The Solar Assisted Rickshaw Van: A Complete Off-Grid Solution

by: AKM Abdul Malek Azad

For some countries, Rickshaws are intrinsic elements of a national transportation system.  As much as one enjoys a rickshaw ride, however, there is no overlooking the significant amount of labor and effort exerted by the rickshaw puller.  Battery-powered, ‘electric’ rickshaws pioneered by companies like Beevatech Ltd seemed to be a very popular solution when they were first introduced.  However, there were a number of drawbacks [1,2] and in some cities they were banned from commercial operation when energy consumption overloaded national grids [3].  

To mitigate the impact to the grid and re-introduce a better solution, the Control & Applications Research Centre (CARC) of BRAC University conducted research to make electric rickshaws independent of the grid through the use of offline renewable solar energy resources and newly developed technologies [1,2].

 

 

Traditional tri-wheel electric rickshaws have wheels driven by a motor and set of batteries only.  A new method aims to introduce a ‘hybrid’ driving system powered by human and solar power in tandem.  The power supply to the electric-assist motors are controlled by a throttled system, as with motorcycle acceleration.  The old electric-power method completely eliminated any human effort running the rickshaw as opposed to the original target of merely reducing the human effort.  This led to a higher energy consumption from the battery bank and consequently from the local grid which was overloaded.  In the new design, the rickshaw puller will receive assistance from the motor equipped with battery backup to ease up his paddling efforts when he requests assistance.  This is achieved by introducing a torque sensor paddle.

Concept for the PV- and torque sensor-assisted rickshaw van

For the second aspect of this endeavor, the power required to drive the rickshaw during the daytime as well as charging the battery when the rickshaw is idle, comes entirely from the sun.  A photovoltaic (PV) array is installed as the roof of the new rickshaw to replenish the energy used on the journey.  This provides a portion of the required electrical load integrated with the battery bank; thus, increasing battery operating time.

The last layer of the development includes installation of a battery charging station that is completely fueled by a solar canopy.  This step is taken to ensure complete independence of these electrically assisted rickshaws from the national grid [2].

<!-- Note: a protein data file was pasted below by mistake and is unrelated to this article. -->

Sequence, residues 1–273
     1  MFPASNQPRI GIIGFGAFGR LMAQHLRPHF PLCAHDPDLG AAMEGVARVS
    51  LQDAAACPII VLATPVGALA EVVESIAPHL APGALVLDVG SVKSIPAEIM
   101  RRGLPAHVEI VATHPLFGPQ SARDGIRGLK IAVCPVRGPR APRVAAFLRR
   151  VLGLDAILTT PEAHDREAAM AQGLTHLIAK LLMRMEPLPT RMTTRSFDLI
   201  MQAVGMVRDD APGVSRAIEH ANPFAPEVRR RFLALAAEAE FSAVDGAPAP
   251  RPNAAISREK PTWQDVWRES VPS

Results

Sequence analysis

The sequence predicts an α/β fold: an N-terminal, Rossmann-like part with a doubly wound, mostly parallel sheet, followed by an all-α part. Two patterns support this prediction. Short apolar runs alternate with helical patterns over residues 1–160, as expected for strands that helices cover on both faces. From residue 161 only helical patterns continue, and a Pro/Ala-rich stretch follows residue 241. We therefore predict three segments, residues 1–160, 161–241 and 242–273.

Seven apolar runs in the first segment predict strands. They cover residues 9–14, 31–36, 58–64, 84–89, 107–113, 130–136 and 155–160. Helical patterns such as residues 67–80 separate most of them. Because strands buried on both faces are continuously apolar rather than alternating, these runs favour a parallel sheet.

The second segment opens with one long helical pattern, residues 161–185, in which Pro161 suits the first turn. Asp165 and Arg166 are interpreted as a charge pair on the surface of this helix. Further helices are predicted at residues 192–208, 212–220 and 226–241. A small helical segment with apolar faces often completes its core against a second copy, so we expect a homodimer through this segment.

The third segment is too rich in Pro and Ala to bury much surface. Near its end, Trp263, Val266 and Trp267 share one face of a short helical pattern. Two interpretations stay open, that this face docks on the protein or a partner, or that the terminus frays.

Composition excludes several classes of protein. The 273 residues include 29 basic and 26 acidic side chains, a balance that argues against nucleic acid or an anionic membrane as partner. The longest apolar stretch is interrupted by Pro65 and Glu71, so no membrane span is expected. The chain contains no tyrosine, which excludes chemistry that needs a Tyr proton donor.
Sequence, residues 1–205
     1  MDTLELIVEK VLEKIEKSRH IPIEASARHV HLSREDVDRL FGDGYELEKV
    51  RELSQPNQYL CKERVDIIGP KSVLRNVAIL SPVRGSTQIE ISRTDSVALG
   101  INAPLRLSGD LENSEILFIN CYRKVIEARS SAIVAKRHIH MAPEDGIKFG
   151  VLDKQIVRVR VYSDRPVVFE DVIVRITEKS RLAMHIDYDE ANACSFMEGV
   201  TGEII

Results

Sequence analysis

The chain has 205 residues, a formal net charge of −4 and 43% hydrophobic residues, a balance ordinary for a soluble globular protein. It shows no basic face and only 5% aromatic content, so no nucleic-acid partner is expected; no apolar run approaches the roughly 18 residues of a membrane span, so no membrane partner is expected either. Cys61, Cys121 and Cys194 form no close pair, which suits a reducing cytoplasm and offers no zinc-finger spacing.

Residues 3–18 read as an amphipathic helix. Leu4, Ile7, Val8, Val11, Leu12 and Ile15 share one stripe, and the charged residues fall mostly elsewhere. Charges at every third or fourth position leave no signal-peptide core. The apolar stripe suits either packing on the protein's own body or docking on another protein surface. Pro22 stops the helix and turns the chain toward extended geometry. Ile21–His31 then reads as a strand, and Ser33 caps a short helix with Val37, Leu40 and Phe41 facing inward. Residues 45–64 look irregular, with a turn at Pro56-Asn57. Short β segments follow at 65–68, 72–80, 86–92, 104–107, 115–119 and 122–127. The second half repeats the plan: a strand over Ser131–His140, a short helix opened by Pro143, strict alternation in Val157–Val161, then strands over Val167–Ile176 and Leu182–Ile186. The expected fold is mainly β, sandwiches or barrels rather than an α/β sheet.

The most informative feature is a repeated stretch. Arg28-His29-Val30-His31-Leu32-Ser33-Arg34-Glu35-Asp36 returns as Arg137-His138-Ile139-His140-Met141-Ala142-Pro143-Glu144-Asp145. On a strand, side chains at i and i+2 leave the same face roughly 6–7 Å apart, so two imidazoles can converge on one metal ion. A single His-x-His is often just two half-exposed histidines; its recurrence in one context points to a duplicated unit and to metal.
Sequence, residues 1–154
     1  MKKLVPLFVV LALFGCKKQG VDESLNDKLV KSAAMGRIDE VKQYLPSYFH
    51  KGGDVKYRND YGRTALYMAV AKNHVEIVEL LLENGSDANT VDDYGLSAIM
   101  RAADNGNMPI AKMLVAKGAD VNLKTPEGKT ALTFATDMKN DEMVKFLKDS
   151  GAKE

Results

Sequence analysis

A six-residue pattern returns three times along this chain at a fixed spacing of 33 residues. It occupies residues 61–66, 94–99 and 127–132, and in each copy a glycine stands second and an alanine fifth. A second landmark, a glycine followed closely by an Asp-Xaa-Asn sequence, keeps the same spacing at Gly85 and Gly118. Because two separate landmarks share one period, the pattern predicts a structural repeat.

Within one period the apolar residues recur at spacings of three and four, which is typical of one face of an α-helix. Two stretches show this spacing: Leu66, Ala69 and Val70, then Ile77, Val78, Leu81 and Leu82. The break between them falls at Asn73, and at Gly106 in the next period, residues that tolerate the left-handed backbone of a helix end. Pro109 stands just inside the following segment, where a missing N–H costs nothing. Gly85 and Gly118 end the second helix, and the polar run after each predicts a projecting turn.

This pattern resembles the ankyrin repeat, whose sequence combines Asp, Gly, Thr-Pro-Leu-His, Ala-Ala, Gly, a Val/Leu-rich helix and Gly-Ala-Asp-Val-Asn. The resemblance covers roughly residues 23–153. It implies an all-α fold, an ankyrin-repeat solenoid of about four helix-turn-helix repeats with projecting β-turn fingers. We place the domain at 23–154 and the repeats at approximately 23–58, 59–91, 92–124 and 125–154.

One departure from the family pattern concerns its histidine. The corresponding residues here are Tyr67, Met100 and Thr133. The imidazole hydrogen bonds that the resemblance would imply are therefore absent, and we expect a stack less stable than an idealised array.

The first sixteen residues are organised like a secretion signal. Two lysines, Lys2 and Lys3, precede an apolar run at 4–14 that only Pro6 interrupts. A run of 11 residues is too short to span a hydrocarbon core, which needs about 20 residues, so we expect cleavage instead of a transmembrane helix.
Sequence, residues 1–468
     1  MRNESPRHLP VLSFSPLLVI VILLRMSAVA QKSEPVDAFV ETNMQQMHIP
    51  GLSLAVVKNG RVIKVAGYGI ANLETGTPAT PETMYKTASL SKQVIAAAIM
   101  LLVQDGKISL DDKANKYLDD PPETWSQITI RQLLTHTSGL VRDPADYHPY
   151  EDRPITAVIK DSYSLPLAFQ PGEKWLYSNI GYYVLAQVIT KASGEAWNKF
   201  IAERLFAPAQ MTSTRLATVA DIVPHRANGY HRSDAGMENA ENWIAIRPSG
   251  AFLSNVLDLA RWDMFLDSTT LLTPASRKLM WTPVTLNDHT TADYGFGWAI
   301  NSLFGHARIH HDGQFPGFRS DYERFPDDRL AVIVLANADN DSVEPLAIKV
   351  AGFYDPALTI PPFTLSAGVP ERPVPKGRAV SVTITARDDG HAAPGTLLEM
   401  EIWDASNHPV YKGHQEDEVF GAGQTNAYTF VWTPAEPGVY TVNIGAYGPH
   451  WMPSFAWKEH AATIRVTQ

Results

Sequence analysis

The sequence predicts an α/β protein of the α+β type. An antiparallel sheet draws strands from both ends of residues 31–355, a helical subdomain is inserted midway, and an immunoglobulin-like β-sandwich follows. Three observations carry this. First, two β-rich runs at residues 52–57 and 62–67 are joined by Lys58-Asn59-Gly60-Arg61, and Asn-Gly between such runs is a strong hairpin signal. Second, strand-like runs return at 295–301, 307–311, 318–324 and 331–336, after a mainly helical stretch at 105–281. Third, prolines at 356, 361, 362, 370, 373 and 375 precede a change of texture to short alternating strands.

Concept for the solar battery charging station (alternative to fast charging problem)

 

This threefold solution has already been field-tested individually and analysis’ presented [1,2,4]. The study reveals that the individual implementation of the torque sensor paddle and the PV array support saves over 50% of energy consumption (from an off-vehicle source).  They also experienced increased battery life-per charge due to less discharge each day and also resulted in longer distance coverage.  The solar battery charging station could then be used to fully-charge the batteries.  Therefore, it was proved feasible that an electrically-assisted rickshaw could be completely independent of the national grid [2].

Enabled with these results, the CARC is now scheming battery-operated rickshaw vans in various forms to serve different purposes; as human hauler, cargo hauler, and ambulances.  The design of the ambulance has been considered specific to carry basic medical equipment, such as oxygen supply, patient bed, first aid boxes, etc.  This vehicle is being developed for use primarily in the rural areas, where use of such motorized vehicles can bring about some economic and social growth while lack of electricity or fuel discourages the practice. Addressing the safety issues, the vans are equipped with rear wheel braking system. In addition, the rear wheel’s base width is widened for better stability during turning.

The PV array enables the rickshaw van to cover a longer distance while using a lower amount of stored battery capacity.  On paper, a PV panel is guaranteed to last at least for twenty years. And if this proves to be the case in practice, the vehicles can enjoy a far lower total cost of ownership compared to what they have now.

With electrical support added to the vans, it will be possible to deliver goods to customers sooner. It will also make possible transporting students between their home and schools in a safer and quicker manner, and hauling a large number of people from one place to another in an energy efficient and easy manner [1,4,5].  As the cost of the rickshaw van with the PV array support is lesser than that with increased battery bank support, the rickshaw van is deemed to be affordable. However, the critical criteria that still odds out is that no matter how low the researches could bring down the prices to, it will require some amount of monetary toll to construct such a rickshaw van. Thus, subsidies from organization, for example, Infrastructure Development Company Limited (IDCOL) can help bring the price of these vehicles within a better reach of the people.